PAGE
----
- In line with the EU’s Regulation 2018/858, electric vehicle manufacturers must be willing to share data collected from their vehicles, effective September 1, 2020. The data protection and access regulations are for “connected cars,” both electric and non-electric.
- This new regulation is put in place to ensure fair competition between independent vehicle repair operators and authorized dealers. The OEMs are now obligated to provide technical information collected by the “onboard devices and other vehicle components” to third-parties.
- According to the regulations, “A manufacturer shall put in place the necessary arrangements and procedures, in accordance with Article 61, to ensure that vehicle OBD information and vehicle repair and maintenance information is accessible through websites using a standardized format in a readily accessible and prompt manner, and in a manner which is non-discriminatory compared to the provisions given or access granted to authorized dealers and repairers.”
- Vehicle manufacturers are also allowed to charge a fee for third-parties to access the data.
- According to the new regulations, vehicle manufacturers will have to obtain consent from car owners and drivers before sharing the car data with third-parties.
- The manufacturers could use websites, mobile apps, or infotainment systems to get car owners’ consent, but from a recent survey conducted by Otonomo, most car owners prefer giving consent through the infotainment systems.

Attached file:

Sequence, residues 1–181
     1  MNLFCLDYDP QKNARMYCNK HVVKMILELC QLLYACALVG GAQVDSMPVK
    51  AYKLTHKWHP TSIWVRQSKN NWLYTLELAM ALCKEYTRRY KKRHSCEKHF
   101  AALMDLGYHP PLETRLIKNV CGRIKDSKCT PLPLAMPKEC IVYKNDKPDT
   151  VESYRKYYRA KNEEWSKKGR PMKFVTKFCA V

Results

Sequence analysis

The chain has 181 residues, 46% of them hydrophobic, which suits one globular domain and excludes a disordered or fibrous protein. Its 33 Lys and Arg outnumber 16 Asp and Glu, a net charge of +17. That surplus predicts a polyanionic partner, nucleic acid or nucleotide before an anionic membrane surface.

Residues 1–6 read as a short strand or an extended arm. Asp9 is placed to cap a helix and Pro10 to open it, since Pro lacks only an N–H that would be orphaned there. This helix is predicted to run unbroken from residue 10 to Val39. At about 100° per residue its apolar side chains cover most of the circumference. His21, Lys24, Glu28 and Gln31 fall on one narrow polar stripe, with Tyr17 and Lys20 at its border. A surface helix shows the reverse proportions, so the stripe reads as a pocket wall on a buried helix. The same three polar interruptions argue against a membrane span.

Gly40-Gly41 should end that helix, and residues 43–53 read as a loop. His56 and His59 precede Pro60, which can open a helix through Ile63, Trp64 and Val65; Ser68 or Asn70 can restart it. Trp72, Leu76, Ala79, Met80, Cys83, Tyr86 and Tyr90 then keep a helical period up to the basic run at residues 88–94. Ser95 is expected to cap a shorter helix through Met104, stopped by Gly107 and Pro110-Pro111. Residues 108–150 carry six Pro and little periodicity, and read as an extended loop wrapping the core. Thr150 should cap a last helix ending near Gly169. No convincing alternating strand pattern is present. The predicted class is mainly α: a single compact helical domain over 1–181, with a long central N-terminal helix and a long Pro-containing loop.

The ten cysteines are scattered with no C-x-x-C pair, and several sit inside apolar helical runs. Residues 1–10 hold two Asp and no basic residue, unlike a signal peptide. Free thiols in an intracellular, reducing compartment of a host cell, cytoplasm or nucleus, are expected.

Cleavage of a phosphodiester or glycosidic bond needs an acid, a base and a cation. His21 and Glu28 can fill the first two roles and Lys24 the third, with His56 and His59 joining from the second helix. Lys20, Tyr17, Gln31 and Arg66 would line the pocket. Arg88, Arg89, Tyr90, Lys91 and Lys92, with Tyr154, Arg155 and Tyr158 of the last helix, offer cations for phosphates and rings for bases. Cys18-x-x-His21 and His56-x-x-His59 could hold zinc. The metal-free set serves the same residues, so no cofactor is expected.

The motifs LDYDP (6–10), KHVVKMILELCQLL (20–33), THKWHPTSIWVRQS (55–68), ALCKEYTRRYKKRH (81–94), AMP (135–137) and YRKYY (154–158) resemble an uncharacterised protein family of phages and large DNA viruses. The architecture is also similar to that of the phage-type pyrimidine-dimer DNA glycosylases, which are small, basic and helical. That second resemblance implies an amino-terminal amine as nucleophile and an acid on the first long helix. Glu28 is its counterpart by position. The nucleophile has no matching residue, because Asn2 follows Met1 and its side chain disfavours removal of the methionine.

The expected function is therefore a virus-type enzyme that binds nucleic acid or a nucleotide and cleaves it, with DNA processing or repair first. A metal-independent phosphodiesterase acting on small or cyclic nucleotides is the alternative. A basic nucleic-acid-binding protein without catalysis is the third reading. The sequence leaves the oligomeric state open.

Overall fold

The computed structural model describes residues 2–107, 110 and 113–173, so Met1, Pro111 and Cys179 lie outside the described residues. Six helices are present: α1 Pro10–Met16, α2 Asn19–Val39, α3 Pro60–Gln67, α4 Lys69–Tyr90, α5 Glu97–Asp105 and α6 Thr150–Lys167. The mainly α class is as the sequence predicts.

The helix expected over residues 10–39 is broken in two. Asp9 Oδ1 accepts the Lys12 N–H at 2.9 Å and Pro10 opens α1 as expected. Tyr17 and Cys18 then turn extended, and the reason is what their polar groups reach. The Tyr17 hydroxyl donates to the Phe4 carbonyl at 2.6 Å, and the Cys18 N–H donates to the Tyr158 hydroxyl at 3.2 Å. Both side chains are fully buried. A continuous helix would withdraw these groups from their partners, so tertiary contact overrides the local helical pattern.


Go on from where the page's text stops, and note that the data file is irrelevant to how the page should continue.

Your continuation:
Electric Vehicle Data Ownership – China
The Chinese electric vehicle market became the largest in the world in less than a decade, with more than 1 million electric vehicles being sold in the country in 2018, a figure that was three times more than those sold in the United States. According to BBC Business, China’s government invested approximately $50 billion in the industry, hoping to gain dominance and global automobile supremacy in the future. Insights surrounding who owns the data that is collected by electric vehicles in China have been provided below.
Electric Vehicle Data: China
- According to a recent article by the Associated Press (AP) that relied on a national specifications report published in 2016, “electric vehicles in China transmit data from the car’s sensors back to the manufacturer.” Some of the data collected include location, battery and engine function, direction, as well as speed.
- However, in China, it is mandatory for all electric vehicle manufacturers to capture data from these vehicles and avail them to the government. The Financial Times reported that every electric vehicle made and driven in China is obligated to send data to the Chinese government after every 30 seconds, resulting in an ‘insane‘ amount of data in the government hands. An engineer working on the project quoted by the Financial Times estimated that the Chinese government gets approximately 1 gigabyte of data per car every month.